Islamic State 'is plotting Christmas terror attacks in UK and Europe' for publication of Prophet Mohammed cartoons in France, ex-MI6 spy warns as Macron announces plans to close 80 'extremist' mosques

Islamic State 'is plotting Christmas terror attacks in UK and Europe' for publication of Prophet Mohammed cartoons in France, ex-MI6 spy warns as Macron announces plans to close 80 'extremist' mosques

19:32 - Islamic State is plotting Christmas terror attacks across Europe, ex-MI6 spy says. Aimen Dean said plots were being hatched by Isis cells in Syria and Libya. Ex-bombmaker said extremists are seeking revenge for Mohammed cartoons.

The so-called Islamic State is plotting Christmas terror attacks in Britain and European countries in revenge for the publication of cartoons of the Prophet Mohammed in France, a former MI6 spy has warned.

Aimen Dean, who spent eight years spying on al-Qaeda before his cover was blown by a US intelligence leak, claimed plots were being hatched in jihadi-held areas of northern Syria and Libya to terrorise Europeans this winter.

He told a security conference in London that Abu Omar al-Shishani, an Isis commander who is thought to have survived a US strike in 2016, is planning to send extremists to the West via Turkey and across the Mediterranean from North Africa.

They will then carry out a series of terror atrocities in Britain, France and Germany as their governments lift coronavirus restrictions ahead of Christmas, Dean said.

Home Secretary Priti Patel moved Britain to its second-highest terror threat level of 'severe' after a series of horrifying attacks in France and Austria, where an Isis sympathiser killed four people during a gun rampage in Vienna.

In France, schoolteacher Samuel Paty was beheaded in October for showing a classroom Mohammed cartoons in a lesson on free speech. Three Christians were killed in a mass stabbing by a Tunisian migrant in Nice just two weeks later.

The French government vowed to clamp down on religious extremism by closing nearly 80 mosques accused of 'separatism' and expelling 66 undocumented migrants suspected of radicalisation from the country.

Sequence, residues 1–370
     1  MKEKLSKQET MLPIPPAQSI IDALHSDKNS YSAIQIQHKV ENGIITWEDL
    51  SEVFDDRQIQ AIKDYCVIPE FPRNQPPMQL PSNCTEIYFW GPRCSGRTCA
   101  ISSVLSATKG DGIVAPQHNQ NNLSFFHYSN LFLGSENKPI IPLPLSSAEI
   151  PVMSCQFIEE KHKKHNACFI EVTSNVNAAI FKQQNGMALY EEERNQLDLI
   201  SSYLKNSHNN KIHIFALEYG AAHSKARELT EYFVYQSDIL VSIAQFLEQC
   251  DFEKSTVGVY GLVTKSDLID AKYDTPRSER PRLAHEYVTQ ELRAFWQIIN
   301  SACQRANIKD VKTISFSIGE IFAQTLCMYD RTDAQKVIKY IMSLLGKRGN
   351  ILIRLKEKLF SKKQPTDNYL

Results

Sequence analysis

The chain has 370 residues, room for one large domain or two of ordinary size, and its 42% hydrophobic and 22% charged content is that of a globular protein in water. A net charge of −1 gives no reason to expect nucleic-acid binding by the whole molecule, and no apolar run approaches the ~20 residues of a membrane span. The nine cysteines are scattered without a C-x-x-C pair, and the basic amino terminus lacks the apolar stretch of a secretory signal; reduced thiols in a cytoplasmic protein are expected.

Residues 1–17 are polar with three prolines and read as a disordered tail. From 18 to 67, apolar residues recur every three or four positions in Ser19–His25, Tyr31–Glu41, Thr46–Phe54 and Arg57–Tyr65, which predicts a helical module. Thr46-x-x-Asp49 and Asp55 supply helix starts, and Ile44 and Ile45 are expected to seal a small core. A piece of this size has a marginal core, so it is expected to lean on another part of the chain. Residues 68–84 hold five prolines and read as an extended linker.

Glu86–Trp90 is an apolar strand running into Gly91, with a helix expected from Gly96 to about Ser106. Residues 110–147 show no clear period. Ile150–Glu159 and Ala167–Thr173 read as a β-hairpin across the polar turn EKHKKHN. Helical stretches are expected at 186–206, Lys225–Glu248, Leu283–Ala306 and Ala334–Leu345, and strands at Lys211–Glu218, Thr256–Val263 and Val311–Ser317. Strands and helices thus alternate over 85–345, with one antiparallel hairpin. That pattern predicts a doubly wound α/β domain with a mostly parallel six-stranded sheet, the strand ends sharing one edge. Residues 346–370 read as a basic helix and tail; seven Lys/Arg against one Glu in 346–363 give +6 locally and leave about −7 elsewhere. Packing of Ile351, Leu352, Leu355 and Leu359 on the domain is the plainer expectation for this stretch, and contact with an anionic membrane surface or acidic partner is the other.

Dean told the International Security Week conference: 'The worry is that, according to people who know him, [Shishani] is planning to avenge the Prophet Mohammed cartoons in places like Germany, UK, France and all around Christmas time.

'I'm afraid I'm not bearing good news but we need to be worried about the wave of terror that is coming from northern Syria and Libya for Christmas this year.'

He added: 'This promise of no lockdown at Christmas has made it a more attractive timeframe for targeting. Already they have been thinking about it, already they have been looking at it and I feel this will be the next target.'

The former al-Qaeda bombmaker claimed that Shishani is planning to infiltrate attacks from the remaining outposts of Isis activity following the republication of caricatures of the Prophet Mohammed by the French satirical Charlie Hebdo.

Most Isis-inspired attacks in Western Europe have been carried out by 'lone wolves' since the collapse of the organisation's caliphate in Syria.

But what remains of the so-called Islamic State have squirrelled away more than £330million in criminal funds secured after their rise to global prominence in 2014 which can be used to launch attacks, according to Dean.

The French government has hit back at religious extremism by closing mosques and dissolving groups including the Collective Against Islamophobia in France, which it claims have links to 'radical' networks – an allegation the group denies.

Emmanuel Macron has warned against 'Islamist separatism' in France and promised to place mosques under greater state control as he called Islam a religion in crisis.

After the New York Times accused Mr Macron of racism and Islamophobia, the French President criticised the paper's English-language coverage of France's stance on Islamic extremism in the wake of recent attacks in the country and suggesting that the Anglo-US press was legitimising terrorism in France.

France's fiercely secular state was founded on the concept of laicite, which separates state institutions – including schools – from the influence of religion.

However, this policy chafes with France's multicultural population, particularly Muslims, some of whom feel they have been unfairly targeted by secular policies including a ban on the wearing of some forms of Islamic dress in public spaces. es un sitio web oficial del Gobierno Argentino